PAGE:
Probably one of the most special trips during this holiday was our day-visit to Albania. Not only was it remarkable to go to a country that no one I know has ever visited, but to experience a culture that is so similar yet so different to my own, even if it was for just a day, was downright incredible.
We woke up early in the morning, while the sun was still rising above the mountains which made for an utterly beautiful panorama.
After a 30-minute drive via small and narrow roads, we safely arrived at the harbour of Corfu-Town. This was where the fun started. Honestly, I believe that it took us an hour to walk to the ticket office, find the right ferry, and actually board. Not having had that much sleep, and even less breakfast, this was not a particulary great way to start the day. Luckily, I had my headphones with me and could snooze a bit during the 30-minute boat ride. I’m not a big fan of boats, especially not ones that look like they might disintegrate at any given time.
We survived though (ofcourse we did, I am such a dramaqueen when it comes to big waters, ugh) and arrived in the coastal town called Sarandë. Many Albanians and Greeks come here to spent their summer, which can be seen by the many hotels and beach clubs. Albania has it’s own language and currency, although you can actually pay with Euros in the more touristic places.
At the harbour we were met by a lovely Albanian woman who would be our guide for the day. My father had arranged for a private mini-van (yes, we are spoiled), so we could ask the guide anything we’d like and move at our own pace. The guide was great, and so passionate about her country and culture. She had so much to tell us, that I don’t even know what to mention here.
Our first stop was an old church surrounded by hills. A couple of cows and donkeys grazing the fields, and farmers working their land. A small churchyard accompanied the church, whose interior is currently being restored. The small hill that it stood on offered us an overview of the countryside.
The next stop was an old Roman settlement called Butrint, which is absolutely stunning. There are still a lot of frescos in the old buildings, however they are covered as the water levels rise and fall, which damages the frescos permanently. They are only shown to the public about once a year. To be quite honest, I am not that interested in the actual ruins and settlements, that’s more of interest to my parents and brother. However, I was so enchanted by the pure beauty of the Albanian environment.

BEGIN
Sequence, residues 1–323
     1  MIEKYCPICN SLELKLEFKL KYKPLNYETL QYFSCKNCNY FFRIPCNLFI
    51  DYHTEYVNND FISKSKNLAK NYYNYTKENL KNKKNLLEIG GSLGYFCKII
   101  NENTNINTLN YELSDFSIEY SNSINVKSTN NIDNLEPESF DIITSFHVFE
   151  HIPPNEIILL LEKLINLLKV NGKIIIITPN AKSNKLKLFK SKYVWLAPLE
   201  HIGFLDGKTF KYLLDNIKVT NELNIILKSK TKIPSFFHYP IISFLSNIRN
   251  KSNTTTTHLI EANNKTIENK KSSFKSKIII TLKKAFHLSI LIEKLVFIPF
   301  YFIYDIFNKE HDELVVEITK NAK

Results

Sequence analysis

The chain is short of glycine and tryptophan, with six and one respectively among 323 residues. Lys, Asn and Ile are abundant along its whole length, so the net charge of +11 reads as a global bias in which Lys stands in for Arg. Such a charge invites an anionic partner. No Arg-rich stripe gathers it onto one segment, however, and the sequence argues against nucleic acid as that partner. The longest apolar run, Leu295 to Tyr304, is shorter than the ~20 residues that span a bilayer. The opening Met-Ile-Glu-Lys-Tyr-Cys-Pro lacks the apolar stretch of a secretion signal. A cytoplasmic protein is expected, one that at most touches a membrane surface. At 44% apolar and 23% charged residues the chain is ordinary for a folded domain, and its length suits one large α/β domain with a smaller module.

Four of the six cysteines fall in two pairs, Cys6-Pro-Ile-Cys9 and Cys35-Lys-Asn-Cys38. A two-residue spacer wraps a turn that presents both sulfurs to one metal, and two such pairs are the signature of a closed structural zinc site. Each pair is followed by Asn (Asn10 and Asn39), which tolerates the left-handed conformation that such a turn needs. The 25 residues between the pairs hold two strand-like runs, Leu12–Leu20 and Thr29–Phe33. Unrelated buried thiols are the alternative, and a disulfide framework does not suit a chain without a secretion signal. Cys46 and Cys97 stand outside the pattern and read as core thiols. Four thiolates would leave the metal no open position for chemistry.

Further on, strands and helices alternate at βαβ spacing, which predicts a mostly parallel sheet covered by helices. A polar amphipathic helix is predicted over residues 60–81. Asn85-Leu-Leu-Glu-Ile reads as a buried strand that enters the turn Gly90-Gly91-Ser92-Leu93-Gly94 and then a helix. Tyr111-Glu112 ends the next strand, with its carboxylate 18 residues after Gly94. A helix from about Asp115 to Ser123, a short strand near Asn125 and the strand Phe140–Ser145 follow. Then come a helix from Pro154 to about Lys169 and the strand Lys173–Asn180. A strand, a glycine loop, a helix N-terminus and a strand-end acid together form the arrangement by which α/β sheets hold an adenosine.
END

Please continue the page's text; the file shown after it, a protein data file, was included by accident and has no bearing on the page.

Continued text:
I’m such a sucker for nature. How the green and blue clash so perfectly with each other. Or what about pathways shielded by trees? I love it.
Butrint is actually an UNESCO World Heritage Site, and encircled by a natural park park in which many rare flora and fauna can be found. It’s like an oasis of silence compared to the busy touristic town of Sarandë. If you ever do happen to be in the south of Albania, please go there! It would be so worth it.
So around this time we still had not eaten anything and were up for about 7-8 hours. We were getting grumpier and grumpier, and then there we were. On a hill, eating lunch at an old castle. With views on Sarandë. So pretty.
Unfortunately, as I was absolutely starving, I downed my beer and literally attacked my food. Thus, disabling myself to take any photos. Stupid. I do remember that I had Bifteki though. This is basically a large ground beef pancake filled with feta cheese. It’s sort of like cordon bleu, except with beef instead of chicken. Although, it was really delicious, the amount of meat was enormous.
Late in the afternoon, we traveled back on a rough sea which made several people on the boat nauseous, my siblings very sleepy, and myself very scared. Yet we left with new knowledge and good memories.
Aaaand this post is getting way too long again. I did not know I had that much to say about one day. Anyways, I guess this is enough for now. The next part will also be the final one, in which I will finally talk about the nectar of the gods which is called Retsina. Be prepared.